Robert Mitchum: The Signature Collection (January 2007) contains six movies, not necessarily his best: “Angel Face,” “Macao,” “The Sundowners,” “Home from the Hill,” “The Yakuza.” Jointly, they give a glimpse of what was special about his as an actor and movie star.
One of the coolest actors around, Mitchum combined sleepy looks, steely eyes, laid back manner, and naural masculinity, all attributes that made him a great screen actor but underestimated for his acting chops.
In his commentary, film-noir specialist Eddie Muller, who offers many inisghts on “Angel Face” and “Macao (both made in 1952) calls Mitchum, “the original hepcat.” Mitchum had a “face marinated by life,” says director Sydney Pollack in a commentary on his movie “The Yakuza” (1975).
Otto Preminger's “Angel Face” is one of those Los Angeles film noirs that showcased Mitchum's marinated hepness to perfection. Its tale of a tough but honorable guy brought low by a devious femme fatale (Jean Simmons) is a melodrama heightened by Mitchum's ability to be a smart and cool individualist and a sucker, all at once.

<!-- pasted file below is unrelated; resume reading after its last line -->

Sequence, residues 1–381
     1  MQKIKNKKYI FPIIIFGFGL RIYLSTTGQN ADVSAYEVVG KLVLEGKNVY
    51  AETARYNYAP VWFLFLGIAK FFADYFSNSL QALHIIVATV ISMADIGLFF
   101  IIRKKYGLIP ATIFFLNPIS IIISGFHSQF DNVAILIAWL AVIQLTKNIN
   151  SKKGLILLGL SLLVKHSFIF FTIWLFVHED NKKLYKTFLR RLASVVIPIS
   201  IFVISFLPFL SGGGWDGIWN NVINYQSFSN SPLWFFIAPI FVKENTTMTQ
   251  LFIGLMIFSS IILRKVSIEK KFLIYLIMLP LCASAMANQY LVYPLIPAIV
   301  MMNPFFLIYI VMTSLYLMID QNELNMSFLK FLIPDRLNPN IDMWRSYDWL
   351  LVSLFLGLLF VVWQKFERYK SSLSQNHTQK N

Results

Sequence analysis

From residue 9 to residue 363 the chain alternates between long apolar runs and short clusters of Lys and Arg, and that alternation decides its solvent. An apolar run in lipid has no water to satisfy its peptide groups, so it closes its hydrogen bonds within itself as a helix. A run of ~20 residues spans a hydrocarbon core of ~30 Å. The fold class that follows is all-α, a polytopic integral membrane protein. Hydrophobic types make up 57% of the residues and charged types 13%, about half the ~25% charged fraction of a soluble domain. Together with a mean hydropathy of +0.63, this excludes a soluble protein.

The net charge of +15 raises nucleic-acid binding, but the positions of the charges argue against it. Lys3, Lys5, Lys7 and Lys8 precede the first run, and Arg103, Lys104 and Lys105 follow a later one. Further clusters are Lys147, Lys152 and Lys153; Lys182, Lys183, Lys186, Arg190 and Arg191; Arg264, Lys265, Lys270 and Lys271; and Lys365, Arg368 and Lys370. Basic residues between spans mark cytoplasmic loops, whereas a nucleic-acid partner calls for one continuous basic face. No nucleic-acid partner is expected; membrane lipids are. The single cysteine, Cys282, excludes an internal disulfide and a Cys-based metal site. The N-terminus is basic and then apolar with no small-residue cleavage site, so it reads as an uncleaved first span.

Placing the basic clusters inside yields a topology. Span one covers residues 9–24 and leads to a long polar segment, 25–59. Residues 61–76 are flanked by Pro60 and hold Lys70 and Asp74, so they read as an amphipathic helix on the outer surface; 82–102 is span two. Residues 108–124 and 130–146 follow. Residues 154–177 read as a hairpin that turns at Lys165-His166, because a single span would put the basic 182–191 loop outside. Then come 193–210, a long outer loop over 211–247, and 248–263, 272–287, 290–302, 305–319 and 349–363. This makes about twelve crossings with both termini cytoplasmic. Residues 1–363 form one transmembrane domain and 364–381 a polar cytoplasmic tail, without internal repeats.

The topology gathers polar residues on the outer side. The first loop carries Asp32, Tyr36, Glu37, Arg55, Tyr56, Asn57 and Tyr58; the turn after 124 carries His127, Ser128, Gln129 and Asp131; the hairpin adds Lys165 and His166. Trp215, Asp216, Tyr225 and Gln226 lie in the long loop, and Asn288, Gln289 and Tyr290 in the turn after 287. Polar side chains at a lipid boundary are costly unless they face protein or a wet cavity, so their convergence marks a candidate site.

In “Macao,” a semi-intriguing adventure, Mitchum is paired with another lusty woman, Jane Russell, and together they transcend the inance script.
In Zinnemann's “The Sundowners” (1960), Mitchum essays an Australian accent as a homesteader. The film, which features Deborah Kerr as Mitchum's wife, was nominated for the Best Picture Oscars and other awards.
Mitchum is far more impressive in films that are not in the Collection: “Out of the Past” (1947), “Crossfire” (1947), and especially “The Night of the Hunter” (1955) and “The Friends of Eddie Coyle” (1973).